Team Design Thinking, Product Innovativeness, and the Moderating Role of Problem Unfamiliarity
Varun Nagaraj, Nicholas Berente, Kalle Lyytinen and James Gaskin
Originally published: May 14, 2020 (PDMA JPIM • Vol 37, Issue 4 • July 2020)
Read time: 1 hour, 10 minutes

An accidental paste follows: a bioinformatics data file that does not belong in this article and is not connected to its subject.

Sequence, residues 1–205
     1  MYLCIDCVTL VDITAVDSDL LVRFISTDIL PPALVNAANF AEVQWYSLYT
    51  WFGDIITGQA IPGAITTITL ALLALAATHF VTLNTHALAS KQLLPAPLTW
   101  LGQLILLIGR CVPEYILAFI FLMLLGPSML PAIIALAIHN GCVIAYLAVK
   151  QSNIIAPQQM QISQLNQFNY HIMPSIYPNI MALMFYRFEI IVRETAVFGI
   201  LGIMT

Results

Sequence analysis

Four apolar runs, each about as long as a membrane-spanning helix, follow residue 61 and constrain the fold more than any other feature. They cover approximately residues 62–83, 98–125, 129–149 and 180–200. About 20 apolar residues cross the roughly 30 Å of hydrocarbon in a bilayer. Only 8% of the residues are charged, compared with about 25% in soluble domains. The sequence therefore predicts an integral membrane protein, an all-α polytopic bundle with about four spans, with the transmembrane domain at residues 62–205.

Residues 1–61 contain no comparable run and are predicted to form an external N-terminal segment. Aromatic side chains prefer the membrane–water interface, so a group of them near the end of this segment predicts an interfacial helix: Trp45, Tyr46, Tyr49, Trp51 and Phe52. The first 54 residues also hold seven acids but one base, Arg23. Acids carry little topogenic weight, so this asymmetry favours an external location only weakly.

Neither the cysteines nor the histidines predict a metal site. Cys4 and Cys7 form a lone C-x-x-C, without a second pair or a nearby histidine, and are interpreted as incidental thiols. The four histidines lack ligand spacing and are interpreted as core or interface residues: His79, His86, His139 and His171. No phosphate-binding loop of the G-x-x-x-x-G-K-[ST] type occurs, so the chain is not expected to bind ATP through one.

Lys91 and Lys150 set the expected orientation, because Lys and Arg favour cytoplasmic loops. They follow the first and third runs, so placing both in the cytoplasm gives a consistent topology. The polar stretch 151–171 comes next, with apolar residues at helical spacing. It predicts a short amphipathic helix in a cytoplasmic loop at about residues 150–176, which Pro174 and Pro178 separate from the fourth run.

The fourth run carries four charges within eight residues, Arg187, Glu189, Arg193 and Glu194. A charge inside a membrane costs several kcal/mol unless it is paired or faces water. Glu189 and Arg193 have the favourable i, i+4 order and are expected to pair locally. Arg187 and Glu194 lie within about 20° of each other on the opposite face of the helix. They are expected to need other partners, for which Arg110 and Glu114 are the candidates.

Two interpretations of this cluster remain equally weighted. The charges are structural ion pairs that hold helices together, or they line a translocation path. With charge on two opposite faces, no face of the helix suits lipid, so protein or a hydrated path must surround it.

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Team design thinking in new product development (NPD) refers to a set of design‐oriented principles that can be embedded in the everyday routines of NPD teams. We theorize that team design thinking enables NPD teams to develop more innovative products––products that are useful and novel––by reducing the routine and cognition‐based inertia that constrains the team’s innovativeness. Through a study of 247 NPD projects, we investigate the relationships between team design thinking, product utility, and product novelty. Further, we also explore whether the team’s unfamiliarity with product contexts influences these relationships. Findings show that team design thinking is positively associated with useful products in both familiar and unfamiliar contexts, but that team design thinking is associated with product novelty only in familiar contexts. Findings also suggest that team design thinking can be framed as a dynamic capability that addresses routine and cognition‐based inertia by expanding the organization’s knowledge resource base, particularly in familiar contexts. A key implication of this research is that team design thinking will influence product utility in a variety of situations, but its influence on product novelty will be evident primarily in familiar contexts.